“Throw your heart over the fence and the rest will follow”~ Norman Vincent Peale
I need the rest. And the quiet. It’s what we all need. If you have Covid-19 your body is engaged in a war to keep it at bay and ward off pneumonia, with zinc, mucinex, lemon tea and every home remedy your mother ever taught you. If you don’t have it, you are confronting uncertainty, isolation, and fear (whether it’s yours or your neighbors,) probably with ludicrous amounts of Purell and Clorox on hand. Either way, you need some rest, some peace, some quiet.
Whichever camp this finds you in today, the practice is to unwind. Settle in. What a unique opportunity this is! You don’t have to solve anything. And guess what you can’t. Not today anyway. I love the line in a yoga nidra I often listen to ( a full body relaxation meditation,) “There is nowhere to go, There is nothing to do.”
Remind yourself of this today, and rest here.
I think the most difficult times in my life, and the most anxiety producing ones have been with illness – one summer recovering from a bad viral pneumonia, and another season with Lyme disease. Both these times I learned about convalescing. How frustrating it is, how much patience it requires, and how helpless you are. Yet, despite being pretty physically uncomfortable, there was good. I was forced to slow down, read books, and lay around in the sunshine.
Both these experiences brought anxiety, first because I was trying to keep up with the life I was living, and the responsibilities I had taken on. And I was exhausted, and the sense of not being able to get my head above water was overwhelming. I just couldn’t do it. I didn’t have a choice but to surrender to all the things that were out of my control, namely my strength, or lack thereof. It took me the better part of the summer to get back “up and running.” I felt anxious and behind the eight ball about how weak I was, but also with trying to keep up with my sports marketing job, which demanded a high gear I thrived in, until I didn’t. During that time, my mom gave me Norman Vincent Peale’s Power of Positive Thinking. There was something infectious in that book (in a good way!), and from that point on, I developed a prayer life that has carried me to, well, writing this blog now.
I came out of that downspell after several months, but not in time to escape the second round of layoffs at my small firm. Not a huge confidence boost, knowing my summer of under performance had undoubtedly contributed to the hatchet coming down on my desk.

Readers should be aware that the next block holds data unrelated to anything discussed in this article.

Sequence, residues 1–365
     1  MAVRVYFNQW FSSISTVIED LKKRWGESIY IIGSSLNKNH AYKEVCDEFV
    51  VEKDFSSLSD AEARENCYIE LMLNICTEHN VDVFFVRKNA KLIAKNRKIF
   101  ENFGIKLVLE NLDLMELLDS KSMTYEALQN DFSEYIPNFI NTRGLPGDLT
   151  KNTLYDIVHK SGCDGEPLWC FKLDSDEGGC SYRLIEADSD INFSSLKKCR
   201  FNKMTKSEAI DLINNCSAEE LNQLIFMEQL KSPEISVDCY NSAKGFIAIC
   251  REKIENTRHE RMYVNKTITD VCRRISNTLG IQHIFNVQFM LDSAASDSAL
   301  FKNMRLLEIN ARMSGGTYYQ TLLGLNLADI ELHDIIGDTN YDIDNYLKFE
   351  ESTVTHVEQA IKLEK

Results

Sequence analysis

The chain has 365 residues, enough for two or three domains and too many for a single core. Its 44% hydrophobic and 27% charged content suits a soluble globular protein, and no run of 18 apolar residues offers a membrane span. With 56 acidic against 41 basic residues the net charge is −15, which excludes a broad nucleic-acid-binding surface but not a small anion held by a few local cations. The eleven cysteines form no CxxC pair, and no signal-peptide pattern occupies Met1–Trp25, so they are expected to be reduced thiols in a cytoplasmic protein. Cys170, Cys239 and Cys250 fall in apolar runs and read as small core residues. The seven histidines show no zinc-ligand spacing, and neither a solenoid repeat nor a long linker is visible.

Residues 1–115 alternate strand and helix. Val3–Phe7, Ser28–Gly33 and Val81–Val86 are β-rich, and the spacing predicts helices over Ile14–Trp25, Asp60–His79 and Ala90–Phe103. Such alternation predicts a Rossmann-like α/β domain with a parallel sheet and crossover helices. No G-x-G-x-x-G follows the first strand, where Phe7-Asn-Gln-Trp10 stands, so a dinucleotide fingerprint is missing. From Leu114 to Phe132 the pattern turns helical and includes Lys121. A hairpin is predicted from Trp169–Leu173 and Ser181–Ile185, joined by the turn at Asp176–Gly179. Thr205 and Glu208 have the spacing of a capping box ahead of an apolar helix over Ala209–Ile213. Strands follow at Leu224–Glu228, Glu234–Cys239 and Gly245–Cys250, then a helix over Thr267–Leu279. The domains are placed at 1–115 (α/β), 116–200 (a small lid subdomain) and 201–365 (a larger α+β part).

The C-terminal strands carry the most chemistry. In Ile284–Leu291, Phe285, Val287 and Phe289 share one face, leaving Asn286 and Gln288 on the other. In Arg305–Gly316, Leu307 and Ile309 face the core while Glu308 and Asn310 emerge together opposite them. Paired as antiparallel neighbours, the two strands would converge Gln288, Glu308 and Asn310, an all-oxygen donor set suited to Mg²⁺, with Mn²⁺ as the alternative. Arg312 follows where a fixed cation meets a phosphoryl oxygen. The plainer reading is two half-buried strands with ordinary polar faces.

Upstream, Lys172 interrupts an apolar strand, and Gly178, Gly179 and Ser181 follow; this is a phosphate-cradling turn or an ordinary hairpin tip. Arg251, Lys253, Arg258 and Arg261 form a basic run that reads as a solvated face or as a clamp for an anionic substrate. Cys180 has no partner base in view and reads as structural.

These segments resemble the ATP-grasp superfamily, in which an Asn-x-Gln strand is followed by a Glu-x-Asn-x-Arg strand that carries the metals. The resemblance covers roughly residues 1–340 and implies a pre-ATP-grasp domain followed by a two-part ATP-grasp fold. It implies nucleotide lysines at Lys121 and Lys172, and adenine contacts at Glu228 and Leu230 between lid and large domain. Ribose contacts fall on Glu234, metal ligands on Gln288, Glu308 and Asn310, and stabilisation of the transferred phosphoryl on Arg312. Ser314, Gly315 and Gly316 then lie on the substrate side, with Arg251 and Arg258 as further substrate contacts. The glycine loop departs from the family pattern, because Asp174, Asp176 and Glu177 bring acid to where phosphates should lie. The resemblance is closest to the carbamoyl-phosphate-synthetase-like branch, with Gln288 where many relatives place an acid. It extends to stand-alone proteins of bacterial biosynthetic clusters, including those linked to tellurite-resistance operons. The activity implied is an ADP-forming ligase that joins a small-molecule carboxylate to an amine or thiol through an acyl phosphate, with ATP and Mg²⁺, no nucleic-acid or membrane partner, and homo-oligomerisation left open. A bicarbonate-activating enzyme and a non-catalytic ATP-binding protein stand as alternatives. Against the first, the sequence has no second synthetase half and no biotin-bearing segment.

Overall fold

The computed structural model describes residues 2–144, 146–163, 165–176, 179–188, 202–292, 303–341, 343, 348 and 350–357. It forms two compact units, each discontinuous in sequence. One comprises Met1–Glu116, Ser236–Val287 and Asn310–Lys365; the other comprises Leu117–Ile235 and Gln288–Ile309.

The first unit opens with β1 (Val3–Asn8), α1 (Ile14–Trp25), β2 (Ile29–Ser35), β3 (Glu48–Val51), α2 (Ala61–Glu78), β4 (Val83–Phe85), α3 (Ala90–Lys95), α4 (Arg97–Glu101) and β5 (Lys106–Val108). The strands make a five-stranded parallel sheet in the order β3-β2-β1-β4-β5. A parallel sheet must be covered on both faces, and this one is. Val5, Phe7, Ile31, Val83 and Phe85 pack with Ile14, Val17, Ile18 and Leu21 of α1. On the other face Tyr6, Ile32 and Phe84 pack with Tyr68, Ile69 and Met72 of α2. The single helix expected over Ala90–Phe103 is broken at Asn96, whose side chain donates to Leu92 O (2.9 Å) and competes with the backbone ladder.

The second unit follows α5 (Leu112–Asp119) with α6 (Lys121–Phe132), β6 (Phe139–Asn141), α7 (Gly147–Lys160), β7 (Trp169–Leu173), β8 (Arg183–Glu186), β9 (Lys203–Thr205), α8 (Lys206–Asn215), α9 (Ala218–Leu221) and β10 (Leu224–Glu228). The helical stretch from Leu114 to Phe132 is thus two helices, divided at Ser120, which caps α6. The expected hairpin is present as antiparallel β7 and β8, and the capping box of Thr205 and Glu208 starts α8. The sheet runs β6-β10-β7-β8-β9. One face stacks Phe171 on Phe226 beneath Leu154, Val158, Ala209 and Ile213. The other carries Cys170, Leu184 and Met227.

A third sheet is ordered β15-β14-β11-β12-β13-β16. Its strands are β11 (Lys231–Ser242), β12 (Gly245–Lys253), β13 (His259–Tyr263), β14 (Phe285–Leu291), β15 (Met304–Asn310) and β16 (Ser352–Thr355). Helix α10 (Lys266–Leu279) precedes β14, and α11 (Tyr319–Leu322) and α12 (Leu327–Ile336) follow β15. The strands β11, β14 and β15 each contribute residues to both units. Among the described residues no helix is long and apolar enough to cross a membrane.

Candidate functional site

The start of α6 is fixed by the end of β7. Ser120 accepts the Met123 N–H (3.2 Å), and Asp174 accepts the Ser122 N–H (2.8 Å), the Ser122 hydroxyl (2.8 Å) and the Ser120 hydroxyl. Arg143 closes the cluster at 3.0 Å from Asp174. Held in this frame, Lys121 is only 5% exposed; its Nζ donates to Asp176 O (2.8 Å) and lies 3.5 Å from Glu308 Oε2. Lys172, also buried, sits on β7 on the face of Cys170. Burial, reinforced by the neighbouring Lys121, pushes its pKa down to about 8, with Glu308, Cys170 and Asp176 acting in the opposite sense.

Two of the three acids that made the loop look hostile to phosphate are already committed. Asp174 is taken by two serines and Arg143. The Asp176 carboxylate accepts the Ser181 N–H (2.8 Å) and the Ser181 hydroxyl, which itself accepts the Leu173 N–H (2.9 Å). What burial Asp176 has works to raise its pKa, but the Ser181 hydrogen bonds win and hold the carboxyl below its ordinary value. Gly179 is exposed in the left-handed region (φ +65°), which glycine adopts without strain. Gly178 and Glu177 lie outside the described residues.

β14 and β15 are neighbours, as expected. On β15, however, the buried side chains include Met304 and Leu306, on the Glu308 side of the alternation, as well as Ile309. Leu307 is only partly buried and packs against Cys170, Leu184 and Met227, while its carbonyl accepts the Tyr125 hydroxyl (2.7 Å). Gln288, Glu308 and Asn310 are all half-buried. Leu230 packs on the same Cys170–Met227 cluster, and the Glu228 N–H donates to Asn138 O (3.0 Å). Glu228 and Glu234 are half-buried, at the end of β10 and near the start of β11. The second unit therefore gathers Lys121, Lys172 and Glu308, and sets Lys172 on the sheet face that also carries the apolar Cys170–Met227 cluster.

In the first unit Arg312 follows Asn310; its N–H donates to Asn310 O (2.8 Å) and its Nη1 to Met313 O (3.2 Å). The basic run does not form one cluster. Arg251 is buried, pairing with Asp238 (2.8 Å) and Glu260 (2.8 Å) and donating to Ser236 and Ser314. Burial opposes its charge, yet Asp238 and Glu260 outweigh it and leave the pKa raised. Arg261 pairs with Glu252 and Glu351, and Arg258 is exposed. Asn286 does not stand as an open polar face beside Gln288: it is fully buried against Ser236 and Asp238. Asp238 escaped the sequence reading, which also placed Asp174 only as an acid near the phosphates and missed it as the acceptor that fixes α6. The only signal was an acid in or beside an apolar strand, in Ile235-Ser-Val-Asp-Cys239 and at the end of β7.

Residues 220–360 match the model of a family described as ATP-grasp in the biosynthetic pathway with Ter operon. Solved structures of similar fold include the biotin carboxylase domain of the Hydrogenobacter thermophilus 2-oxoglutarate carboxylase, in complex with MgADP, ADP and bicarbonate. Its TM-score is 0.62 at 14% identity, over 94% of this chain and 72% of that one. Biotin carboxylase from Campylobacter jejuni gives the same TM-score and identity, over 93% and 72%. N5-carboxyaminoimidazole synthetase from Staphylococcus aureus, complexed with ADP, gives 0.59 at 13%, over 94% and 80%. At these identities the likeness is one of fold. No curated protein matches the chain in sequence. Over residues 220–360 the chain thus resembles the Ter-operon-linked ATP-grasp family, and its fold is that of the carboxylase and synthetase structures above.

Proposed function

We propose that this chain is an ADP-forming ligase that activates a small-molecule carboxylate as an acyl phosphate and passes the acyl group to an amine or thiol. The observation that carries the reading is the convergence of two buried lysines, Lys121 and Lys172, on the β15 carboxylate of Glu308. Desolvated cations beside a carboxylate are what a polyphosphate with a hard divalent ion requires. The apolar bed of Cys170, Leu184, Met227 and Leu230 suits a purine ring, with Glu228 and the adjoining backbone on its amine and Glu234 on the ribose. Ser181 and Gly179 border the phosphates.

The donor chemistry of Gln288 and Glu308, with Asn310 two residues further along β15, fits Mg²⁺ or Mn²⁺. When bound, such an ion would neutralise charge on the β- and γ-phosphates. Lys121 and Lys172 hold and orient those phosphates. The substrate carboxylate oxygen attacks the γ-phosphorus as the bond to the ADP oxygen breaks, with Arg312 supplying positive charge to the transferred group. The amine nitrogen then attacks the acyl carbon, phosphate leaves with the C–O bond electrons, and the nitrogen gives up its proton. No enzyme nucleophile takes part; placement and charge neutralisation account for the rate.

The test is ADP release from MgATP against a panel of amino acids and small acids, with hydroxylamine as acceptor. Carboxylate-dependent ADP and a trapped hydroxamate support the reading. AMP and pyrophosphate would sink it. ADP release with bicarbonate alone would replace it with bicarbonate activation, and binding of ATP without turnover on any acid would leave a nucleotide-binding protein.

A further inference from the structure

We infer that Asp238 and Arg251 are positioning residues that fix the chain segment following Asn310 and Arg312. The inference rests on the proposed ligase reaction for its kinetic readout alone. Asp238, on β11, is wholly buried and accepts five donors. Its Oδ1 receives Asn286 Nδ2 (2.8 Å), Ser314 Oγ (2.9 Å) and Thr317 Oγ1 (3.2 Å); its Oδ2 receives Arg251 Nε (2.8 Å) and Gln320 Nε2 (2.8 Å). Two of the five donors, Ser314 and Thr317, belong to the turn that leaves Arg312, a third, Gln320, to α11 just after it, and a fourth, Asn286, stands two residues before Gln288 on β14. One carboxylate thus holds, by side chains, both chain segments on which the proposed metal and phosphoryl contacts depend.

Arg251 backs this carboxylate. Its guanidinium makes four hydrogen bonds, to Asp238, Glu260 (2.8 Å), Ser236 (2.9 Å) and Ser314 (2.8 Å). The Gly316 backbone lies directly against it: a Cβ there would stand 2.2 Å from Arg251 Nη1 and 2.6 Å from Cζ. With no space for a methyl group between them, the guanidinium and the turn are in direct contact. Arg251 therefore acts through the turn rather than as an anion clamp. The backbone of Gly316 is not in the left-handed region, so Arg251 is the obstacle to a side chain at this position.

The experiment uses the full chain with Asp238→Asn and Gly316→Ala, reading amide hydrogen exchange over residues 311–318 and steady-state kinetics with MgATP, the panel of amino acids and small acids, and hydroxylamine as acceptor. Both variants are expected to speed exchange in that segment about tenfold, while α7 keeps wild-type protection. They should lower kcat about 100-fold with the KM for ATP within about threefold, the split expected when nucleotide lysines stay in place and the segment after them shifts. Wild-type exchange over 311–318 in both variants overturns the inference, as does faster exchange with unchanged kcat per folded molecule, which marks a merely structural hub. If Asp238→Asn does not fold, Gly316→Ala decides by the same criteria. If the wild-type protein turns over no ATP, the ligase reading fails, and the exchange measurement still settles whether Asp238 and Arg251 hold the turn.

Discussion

Shortly after I was laid off my dad got very sick and then died while on vacation. I was able to be there to help navigate those difficult days, and I had a prayer life to grab onto, which helped keep me afloat.
Then came reflection and assessment of what I wanted to be doing with my life and why, which prompted an immensely fulfilling move into the nonprofit world.
A similar experience when I was sidelined with Lyme disease, during which time meditation helped me keep my sanity. A few months after getting my strength back, I began a formal study of yoga, meditation and Ayurveda (the sister science of yoga,) which also brings me to where I am now. Which is: feeling my way through all this Corona craziness.
Resting. Taking it seriously; still not loving all the uncertainty, or being sick, but, confident it will pass. Experience reminds me that overthinking the future or analyzing the past isn’t going to help me.
Quiet time is.
And, I know in my heart, that the best way through, IS with faith and gratitude. Faith; in a caring and loving God who every day shows up in the way of loving, supportive, and spirited friends, family, and neighbors. And Gratitude, for a resilient body and mind, and in some weird way, for this whole catastrophe.
Many of us have found God through suffering. We are different people, better people, because of what we endured. We have been able to look back on these periods with increased insight into ourselves, greater understanding of the mystery of human life and a deeper bond with God.”~ Brother David Vryhof